THE STEINER LONG LIFE


| July/August 1975



A small gasoline engine

Courtesy of Joseph Campsey, R.D. 1, West Alexander, Pennsylvania 15376

Joseph Campsey

541 Wisconsin Ave., Fond Du Lac, Wisconsin 54935

About two years ago last summer, I was lucky enough to find an engine called a Steiner Long Life. I found the engine sitting in an old dilapidated brick building next to a feed mill in a little town called Collins, which is about 20 miles west of Manitowoc, Wisconsin.

However, after locating the owner, (who turned out to be the owner of the feed mill), I was disappointed to learn that he would not part with it, and that he planned to restore it to running condition himself someday, maybe!

But, I did not give up hope, and when I returned about a year later, the man was recovering from open heart surgery. Possibly, because of this and also because I had doubled my previous offer, he consented to sell me the engine.

The Steiner Long Life was built -in Plymouth, Wisconsin somewhere around the year 1912. This engine is similar in many ways to the Hippe-Steiner of Mr. Russell Ginnow of Oshkosh, Wisconsin, whose article appears in the Nov.-Dec. 1969 issue of GEM. Both engines have the same diameter flywheels, the same size and shape water hopper, the same bore and stroke, (6-1/2' x 8'). His engine is rated 6 Hp. at 350 Rpm., my engine is rated 7 Hp. at 360 Rpm. Both engines are headless, but here the similarity ends. Russ' engine has the battery make and break ignition, mine has a direct drive magneto, which by the way gives off a beautiful spark in its original unrestored condition, (last patent date July 7, 1912). His engine has many parts made of solid bronze, while my engine is mostly cast iron. My engine has a much simpler valve arrangement. Both intake and exhaust valves are directly in front of the cylinder bore, where the head would normally be. The intake valve works by suction, the exhaust valve and ignitor are operated by a single cam and push rod on the same side of the engine. The governor is on the same flywheel as the cam with linkage direct to the push rod trip, hence the hit and miss operation. The carburetor on my engine is very simple, it has only a check valve, a needle valve, and a choke plate, while his is much more complicated. Russ' engine was painted blue, while my engine was painted dark green.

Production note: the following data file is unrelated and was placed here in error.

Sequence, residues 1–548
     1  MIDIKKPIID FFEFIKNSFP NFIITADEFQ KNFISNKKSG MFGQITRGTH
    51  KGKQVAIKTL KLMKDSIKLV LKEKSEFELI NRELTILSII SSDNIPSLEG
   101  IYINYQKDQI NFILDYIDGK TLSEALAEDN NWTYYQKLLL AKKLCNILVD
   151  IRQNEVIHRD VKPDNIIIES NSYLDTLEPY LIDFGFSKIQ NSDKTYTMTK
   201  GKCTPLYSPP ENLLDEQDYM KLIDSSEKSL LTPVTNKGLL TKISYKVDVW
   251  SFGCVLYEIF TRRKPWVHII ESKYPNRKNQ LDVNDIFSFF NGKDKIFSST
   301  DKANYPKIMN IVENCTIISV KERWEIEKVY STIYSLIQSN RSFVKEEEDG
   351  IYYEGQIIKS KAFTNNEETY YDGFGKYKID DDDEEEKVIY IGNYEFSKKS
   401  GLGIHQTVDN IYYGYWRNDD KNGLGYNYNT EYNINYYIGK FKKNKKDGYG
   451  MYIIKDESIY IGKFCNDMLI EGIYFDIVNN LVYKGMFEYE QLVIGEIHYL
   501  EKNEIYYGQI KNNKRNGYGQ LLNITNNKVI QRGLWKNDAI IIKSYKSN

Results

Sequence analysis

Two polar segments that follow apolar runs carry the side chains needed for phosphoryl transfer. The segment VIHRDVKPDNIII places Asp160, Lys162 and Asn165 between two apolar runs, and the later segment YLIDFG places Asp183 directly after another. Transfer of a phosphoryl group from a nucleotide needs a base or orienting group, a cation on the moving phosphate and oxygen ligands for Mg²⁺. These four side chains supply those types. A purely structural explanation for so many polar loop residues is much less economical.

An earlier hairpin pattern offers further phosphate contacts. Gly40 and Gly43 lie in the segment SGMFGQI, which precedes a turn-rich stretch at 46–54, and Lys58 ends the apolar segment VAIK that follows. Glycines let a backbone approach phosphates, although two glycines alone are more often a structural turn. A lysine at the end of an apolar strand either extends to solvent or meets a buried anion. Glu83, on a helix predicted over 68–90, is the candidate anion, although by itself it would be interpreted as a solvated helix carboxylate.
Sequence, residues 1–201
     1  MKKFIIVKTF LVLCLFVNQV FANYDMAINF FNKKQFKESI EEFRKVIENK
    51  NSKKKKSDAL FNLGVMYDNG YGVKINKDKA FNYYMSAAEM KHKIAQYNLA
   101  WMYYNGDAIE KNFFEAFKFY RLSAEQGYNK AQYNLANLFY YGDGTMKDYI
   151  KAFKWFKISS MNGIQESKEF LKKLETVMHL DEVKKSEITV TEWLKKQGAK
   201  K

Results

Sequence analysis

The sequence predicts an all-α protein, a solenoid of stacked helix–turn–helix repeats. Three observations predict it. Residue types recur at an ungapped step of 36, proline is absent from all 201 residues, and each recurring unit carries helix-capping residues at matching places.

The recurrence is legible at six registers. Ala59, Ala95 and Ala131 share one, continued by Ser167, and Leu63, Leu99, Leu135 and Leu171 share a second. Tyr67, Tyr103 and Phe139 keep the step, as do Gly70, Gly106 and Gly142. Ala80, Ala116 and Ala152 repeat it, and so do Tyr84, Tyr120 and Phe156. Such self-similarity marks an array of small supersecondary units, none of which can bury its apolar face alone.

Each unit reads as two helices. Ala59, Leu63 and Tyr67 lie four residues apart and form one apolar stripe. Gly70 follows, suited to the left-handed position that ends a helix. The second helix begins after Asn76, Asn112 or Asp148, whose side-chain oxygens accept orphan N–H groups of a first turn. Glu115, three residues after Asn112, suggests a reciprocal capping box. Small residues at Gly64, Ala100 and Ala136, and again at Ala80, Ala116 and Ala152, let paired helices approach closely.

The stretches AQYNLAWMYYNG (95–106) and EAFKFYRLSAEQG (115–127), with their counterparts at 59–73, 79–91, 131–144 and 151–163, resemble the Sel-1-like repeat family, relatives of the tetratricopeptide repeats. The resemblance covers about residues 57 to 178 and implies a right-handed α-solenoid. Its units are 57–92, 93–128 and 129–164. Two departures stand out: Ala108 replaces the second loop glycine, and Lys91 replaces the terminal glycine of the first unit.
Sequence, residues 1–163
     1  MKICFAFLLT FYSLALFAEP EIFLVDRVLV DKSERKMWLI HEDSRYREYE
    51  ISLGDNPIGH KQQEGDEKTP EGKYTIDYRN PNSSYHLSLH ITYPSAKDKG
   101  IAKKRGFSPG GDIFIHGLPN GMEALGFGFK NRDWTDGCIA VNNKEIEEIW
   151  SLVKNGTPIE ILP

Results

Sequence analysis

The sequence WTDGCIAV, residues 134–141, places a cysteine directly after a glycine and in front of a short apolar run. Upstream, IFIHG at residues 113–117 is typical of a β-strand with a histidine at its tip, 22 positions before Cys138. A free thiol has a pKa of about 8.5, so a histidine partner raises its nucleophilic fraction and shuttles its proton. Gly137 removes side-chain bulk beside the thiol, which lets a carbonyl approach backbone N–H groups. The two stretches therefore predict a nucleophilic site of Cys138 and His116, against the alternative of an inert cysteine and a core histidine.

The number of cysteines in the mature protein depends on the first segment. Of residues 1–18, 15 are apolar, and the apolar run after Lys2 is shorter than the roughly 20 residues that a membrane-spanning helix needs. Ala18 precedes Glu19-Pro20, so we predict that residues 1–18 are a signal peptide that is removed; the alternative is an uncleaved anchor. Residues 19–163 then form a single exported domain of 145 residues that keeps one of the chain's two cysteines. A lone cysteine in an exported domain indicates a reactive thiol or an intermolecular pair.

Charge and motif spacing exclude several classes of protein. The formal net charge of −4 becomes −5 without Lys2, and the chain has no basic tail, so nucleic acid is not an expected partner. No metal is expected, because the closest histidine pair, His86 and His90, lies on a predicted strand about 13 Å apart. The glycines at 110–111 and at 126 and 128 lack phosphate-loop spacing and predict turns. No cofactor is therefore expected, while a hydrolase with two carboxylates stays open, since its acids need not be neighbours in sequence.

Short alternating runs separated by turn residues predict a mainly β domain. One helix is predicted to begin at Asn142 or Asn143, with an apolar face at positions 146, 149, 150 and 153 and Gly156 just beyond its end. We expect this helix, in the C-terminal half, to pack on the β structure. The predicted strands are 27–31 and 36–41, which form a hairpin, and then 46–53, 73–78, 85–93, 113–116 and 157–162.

Obviously the Hippe-Steiner came first and the Steiner Long Life later. The Hippe-Steiner is much more complicated in design and more expensive in construction, which may have caused the company financial trouble, with Mr. Hippe leaving the business and the business being moved from Chilton to Plymouth Wisconsin.